The very first time I went to a particular writer’s retreat, I arrived with my internal arms crossed over my chest and an internal scowl on my face. On the outside, I was all smiles and I’m so happy to meet you. On the inside, I was more than a little bit tired of the whole thing.
Back home, my husband and I had been working for a few years with a little downtown church. Everything about this church was different from what I would look for, were I to find myself combing through the neighborhood in a quest for a church of my own. The architecture was dated, none of the people looked like me, the worship was stuffy, and the music was not my style.
I was like a woman stranded on a deserted island, in need of some for-real gospel music sung by Hezekiah Walker, Israel Houghton, Kirk Franklin, and The Brooklyn Tabernacle Choir. I needed a tambourine and some drums that kept time on two and four, instead of one and three.
But, I kept my peace. On the inside, of course, I was mumbling about having to, once again thank you very much, sacrifice the way I preferred to worship in order to hang out for the weekend with this lovely group of writers.
And they were a lovely group. We hiked and steered canoes along the river. We workshopped paragraphs and poems and song lyrics, and we shared stories about the writing life. It really was a beautiful place. One of the most beautiful places I’ve ever seen.
We gathered together for worship in the Great Hall, where I was handed a folded program, outlining the order of service. “Seriously, God?” I whined silently as I scanned the page. “Litany? We’re going to read a litany?” I slumped back in my seat, like a child, and thought, “Boring.”
Just for once, could I not have things my way? Especially when it came to this whole Body of Christ thing. Could we not just crank up the Hammond organ and get this praise party started?
Looking back, of course, I imagine God standing just a few steps back, smiling and shaking his head. Because, I’ll tell you the truth: I talk a good talk about unity in the Body of Christ. I’m always asking, “Why, in North America, do we still divide our churches by race? What’s up with that? Surely, of all the institutions, the North American church ought to be able to figure this one out.” I’m constantly encouraging people to sit at the table until we find some common ground. Ask the tough questions. Answer with grace. Give a little, I say. Because I honestly believe we can do better. And I believe in order to do better, we each have to give up something.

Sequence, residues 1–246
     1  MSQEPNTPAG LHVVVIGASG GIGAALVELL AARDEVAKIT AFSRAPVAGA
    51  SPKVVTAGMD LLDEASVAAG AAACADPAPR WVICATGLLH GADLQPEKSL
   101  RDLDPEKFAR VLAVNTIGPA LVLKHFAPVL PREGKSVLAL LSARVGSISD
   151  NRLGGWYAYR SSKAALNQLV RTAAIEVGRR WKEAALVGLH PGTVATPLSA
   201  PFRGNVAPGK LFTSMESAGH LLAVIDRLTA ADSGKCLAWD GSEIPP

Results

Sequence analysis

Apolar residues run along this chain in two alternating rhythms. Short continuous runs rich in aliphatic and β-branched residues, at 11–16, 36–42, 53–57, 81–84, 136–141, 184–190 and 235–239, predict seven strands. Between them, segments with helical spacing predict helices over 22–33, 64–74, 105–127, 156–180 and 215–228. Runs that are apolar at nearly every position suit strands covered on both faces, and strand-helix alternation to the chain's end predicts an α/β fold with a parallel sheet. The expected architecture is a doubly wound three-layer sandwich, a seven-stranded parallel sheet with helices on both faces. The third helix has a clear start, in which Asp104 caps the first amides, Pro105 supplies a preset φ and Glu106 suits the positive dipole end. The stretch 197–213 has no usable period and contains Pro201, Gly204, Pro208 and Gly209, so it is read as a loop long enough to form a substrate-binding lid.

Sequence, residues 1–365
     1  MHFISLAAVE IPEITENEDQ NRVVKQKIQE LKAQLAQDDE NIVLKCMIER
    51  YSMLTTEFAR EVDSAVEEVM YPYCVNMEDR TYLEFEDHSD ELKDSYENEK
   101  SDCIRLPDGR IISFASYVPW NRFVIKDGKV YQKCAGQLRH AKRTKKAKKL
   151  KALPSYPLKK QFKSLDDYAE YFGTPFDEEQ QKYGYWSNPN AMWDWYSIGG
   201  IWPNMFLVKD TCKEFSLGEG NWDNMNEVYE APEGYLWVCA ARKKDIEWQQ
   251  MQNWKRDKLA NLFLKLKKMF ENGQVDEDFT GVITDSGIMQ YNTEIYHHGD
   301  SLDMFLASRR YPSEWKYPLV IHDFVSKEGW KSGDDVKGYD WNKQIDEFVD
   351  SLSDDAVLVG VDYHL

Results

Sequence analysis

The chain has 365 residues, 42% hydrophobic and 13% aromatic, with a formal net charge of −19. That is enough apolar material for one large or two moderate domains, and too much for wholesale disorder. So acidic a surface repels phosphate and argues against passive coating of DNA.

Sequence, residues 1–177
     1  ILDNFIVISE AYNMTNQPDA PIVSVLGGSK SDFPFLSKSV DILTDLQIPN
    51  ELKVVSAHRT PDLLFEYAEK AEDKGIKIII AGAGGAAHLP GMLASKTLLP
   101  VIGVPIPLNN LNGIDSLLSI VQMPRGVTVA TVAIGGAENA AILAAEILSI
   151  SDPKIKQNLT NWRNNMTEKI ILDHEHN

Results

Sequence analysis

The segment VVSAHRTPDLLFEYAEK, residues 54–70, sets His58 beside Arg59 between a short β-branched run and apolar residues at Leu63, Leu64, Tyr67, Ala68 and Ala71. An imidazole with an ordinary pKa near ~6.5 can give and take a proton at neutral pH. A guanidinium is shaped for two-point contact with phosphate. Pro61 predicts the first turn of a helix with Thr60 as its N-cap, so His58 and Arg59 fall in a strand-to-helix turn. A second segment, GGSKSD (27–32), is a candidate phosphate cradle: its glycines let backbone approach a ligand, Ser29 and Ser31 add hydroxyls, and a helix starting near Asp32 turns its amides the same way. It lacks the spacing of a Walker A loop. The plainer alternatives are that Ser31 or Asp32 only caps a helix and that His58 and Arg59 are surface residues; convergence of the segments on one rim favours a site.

It’s just that, by the time I’d reached that writer’s retreat, I was done with doing all the giving.
And then? Well then, of course, someone started reading that litany and — I kid you not — the Holy Spirit filled the room and stripped me of my stubborn, weary, wounded resolve. I was turned into a weepy, worship-y, litany-loving mess. To say God got through to me that day would be a gross understatement.
God’s not paying attention to the lines we draw to keep one another at a distance. None of these things are bigger than God. Not theology, or race, or music preference, or language differences, or political parties, or clapping on two and four instead of one and three, or litanies, or whatever else may have come to your mind just now. God is God, and God is simply waiting for us to give a little, so he can make us one.
We can do this differently. We can erase the lines. We can find the common ground. We can give a little. Really, we can.
We can be the ones who make the world stand up and take notice. We can capture their attention by the way we love, and get along with, and serve that sister who speaks a different language, sings a different tune, sits quietly, dances freely, raises her hands, folds them in her lap, reads poetry, creates rap music, marches on Washington, prays in solitude, puts her children on the yellow school bus, lives single or divorced or widowed, and on and on and on.
We can be the ones who make the world stand up and take notice.